Windows 10 - part 1
by Alan Zisman
Spanish translation by Laura Mancini
Czech translation of an earlier version of this tutorial by Catherine Desroches
||This is part one of a two-part
introduction to working with Windows 10. It accompanies a series of workshops given
at Vancouver's Brock House.
You can find Part
Part 1 introduces you to the Windows 10 user interface - to ways it is similar and different from earlier versions of Windows, in particular to Windows 7. Part 2 focuses on customizing Windows 10 and making it work for you.
This workshop assumes that you have some basic skills and comfort with your computer - if you are not comfortable working with the computer clipboard (cut/copy/paste) or working with files, folders, and drives, you may want to look at my notes on Getting more comfortable with your computer (and consider attending that workshop at Brock House).
A Bit of History
Windows 10 was released in July 2015 and made available as a free upgrade to Windows 7 and 8 users until the end of July 2016. It was Microsoft's follow-up to the unpopular Windows 8 (2012), and is an attempt to combine features of both Windows 8 and Windows 7.
|Further to the right you'll
find a set of small white icons for
important hardware features: a battery icon shows (sort of) how much
battery life remains. Hover your mouse over it to get a more accurate
report - in this case, 50% charge remaining, an estimated 4 hr 31
minutes. Beside that is the 'fan' icon commonly used for WiFi (wireless
networking). The stronger the WiFi strength, the more of the fan is
coloured white. Hovering the mouse shows the name of the connected WiFi
network. Beside that is a speaker icon - indicating volume level. The
letters ENG/US indicates my keyboard is set for English Language/US.
Beside that is the date and time.
With each of these icons, you can (Left) Click or Right-click for more information and options.
Note that there are 'hidden' icons in this section. Click the ^ symbol (to the left of the battery icon) to view these. If you plug in a USB memory stick, external drive, or camera or phone, you may want to check here before removing the device - check for an icon that lets you safely remove the device!
Finally, there's an icon in the far right-corner - on the Taskbar image above, it's a white square with lines on it, and the number 3. This is a new Windows 10 feature - the Notification and Action Centre.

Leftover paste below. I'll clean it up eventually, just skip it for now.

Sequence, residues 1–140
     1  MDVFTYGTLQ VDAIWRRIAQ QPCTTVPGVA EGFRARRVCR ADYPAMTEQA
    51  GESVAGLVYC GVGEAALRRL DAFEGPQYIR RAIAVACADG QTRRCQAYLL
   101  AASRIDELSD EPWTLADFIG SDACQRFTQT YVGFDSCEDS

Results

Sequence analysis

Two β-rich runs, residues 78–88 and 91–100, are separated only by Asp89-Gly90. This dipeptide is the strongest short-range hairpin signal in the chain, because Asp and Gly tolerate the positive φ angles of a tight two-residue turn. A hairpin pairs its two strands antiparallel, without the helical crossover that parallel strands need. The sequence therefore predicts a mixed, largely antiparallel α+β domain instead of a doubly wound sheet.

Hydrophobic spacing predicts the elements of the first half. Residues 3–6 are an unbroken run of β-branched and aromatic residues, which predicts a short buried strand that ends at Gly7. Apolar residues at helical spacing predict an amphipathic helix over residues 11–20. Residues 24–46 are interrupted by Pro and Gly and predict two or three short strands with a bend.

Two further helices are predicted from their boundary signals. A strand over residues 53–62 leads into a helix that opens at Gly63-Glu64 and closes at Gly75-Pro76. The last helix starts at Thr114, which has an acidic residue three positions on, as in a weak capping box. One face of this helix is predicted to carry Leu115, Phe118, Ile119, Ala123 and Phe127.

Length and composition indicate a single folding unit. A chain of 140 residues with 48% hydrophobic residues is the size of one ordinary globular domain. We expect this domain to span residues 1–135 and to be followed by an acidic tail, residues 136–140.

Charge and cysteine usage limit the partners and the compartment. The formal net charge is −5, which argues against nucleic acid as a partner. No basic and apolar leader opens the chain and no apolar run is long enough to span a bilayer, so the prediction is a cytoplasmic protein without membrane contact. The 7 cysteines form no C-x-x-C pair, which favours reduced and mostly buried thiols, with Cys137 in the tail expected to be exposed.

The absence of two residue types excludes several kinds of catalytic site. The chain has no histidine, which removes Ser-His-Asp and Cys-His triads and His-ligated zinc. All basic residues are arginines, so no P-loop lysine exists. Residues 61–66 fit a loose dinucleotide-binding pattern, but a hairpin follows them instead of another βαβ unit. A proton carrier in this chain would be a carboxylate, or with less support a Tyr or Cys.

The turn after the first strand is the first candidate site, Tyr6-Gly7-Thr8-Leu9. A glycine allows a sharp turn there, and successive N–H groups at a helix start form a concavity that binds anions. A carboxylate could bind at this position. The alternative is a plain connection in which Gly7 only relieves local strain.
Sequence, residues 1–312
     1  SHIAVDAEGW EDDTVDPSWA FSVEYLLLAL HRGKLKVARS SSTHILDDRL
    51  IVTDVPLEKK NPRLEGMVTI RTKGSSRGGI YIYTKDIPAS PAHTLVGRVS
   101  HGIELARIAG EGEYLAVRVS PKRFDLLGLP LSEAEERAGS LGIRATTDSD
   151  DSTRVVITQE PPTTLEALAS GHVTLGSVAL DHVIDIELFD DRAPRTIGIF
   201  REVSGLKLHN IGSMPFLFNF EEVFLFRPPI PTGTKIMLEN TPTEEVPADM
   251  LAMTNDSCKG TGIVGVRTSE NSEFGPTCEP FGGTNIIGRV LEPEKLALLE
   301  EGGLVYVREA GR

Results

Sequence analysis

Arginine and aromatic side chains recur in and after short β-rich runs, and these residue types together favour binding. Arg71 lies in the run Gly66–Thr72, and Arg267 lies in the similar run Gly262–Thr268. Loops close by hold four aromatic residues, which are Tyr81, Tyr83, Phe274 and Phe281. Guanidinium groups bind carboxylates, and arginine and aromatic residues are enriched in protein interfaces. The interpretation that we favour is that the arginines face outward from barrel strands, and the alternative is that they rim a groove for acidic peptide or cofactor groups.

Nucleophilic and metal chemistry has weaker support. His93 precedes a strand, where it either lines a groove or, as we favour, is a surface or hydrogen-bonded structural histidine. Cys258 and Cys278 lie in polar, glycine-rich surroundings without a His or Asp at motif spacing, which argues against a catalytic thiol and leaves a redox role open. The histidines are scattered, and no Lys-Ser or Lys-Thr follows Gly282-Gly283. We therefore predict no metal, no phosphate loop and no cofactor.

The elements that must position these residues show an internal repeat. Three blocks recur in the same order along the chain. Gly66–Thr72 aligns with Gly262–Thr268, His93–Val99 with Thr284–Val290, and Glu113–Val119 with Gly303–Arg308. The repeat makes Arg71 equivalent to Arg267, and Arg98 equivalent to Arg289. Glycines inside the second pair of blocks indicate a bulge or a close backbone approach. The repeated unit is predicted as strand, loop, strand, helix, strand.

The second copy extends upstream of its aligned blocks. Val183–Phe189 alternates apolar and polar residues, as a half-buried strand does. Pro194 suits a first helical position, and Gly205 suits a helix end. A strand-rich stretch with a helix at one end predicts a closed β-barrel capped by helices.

The number '3' indicates that I have 3 notifications.
Notice in the image to the left, that after I've clicked to open it, the icon is now an empty voice bubble-like square. No lines, no number '3'. Instead, it's opened up to show two sections:
On the top I've got a couple of notifications - two unread Mail messages. Other times, there might be notifications from Windows, saying there are updates to install, for instance. Or from my security software suggesting I haven't scanned for malware in a while. (Yet again, you can customize what sends notifications. I turn off Facebook notifications, for instance). See: How to use the notifications from the Action Center
Down below is a set of rectangles - Quick Actions. Quick ways to get to things you might want to adjust in a hurry - Airplane Mode, shifted colours for night reading. What happens when you click on one depends on the item - Night Light turns on or off. Clicking the screen brightness item raises the brightness by 10% with each click. Click the Network item, though and a list of nearby WiFi hotspots opens up.
Clicking Tablet Mode changes your Desktop and Start Menu from the standard mode for laptops and desktops to the standard mode for tablets - Windows 8 style. Don't worry if you choose something you don't like - another click puts it back.
Yet again, the rectangles that show here are customizable. You can rearrange the order and choose which ones you want to see - or hide. (See: How to access, use and customize quick actions and How to use the notifications from the Action Center).
Note that the Taskbar can be set to 'automatically hide'. If you don't see the Taskbar, move your mouse pointer down to the bottom of the screen. It should pop back up. Doing that gives you more screen space for your program windows - but it can be annoying. You decide!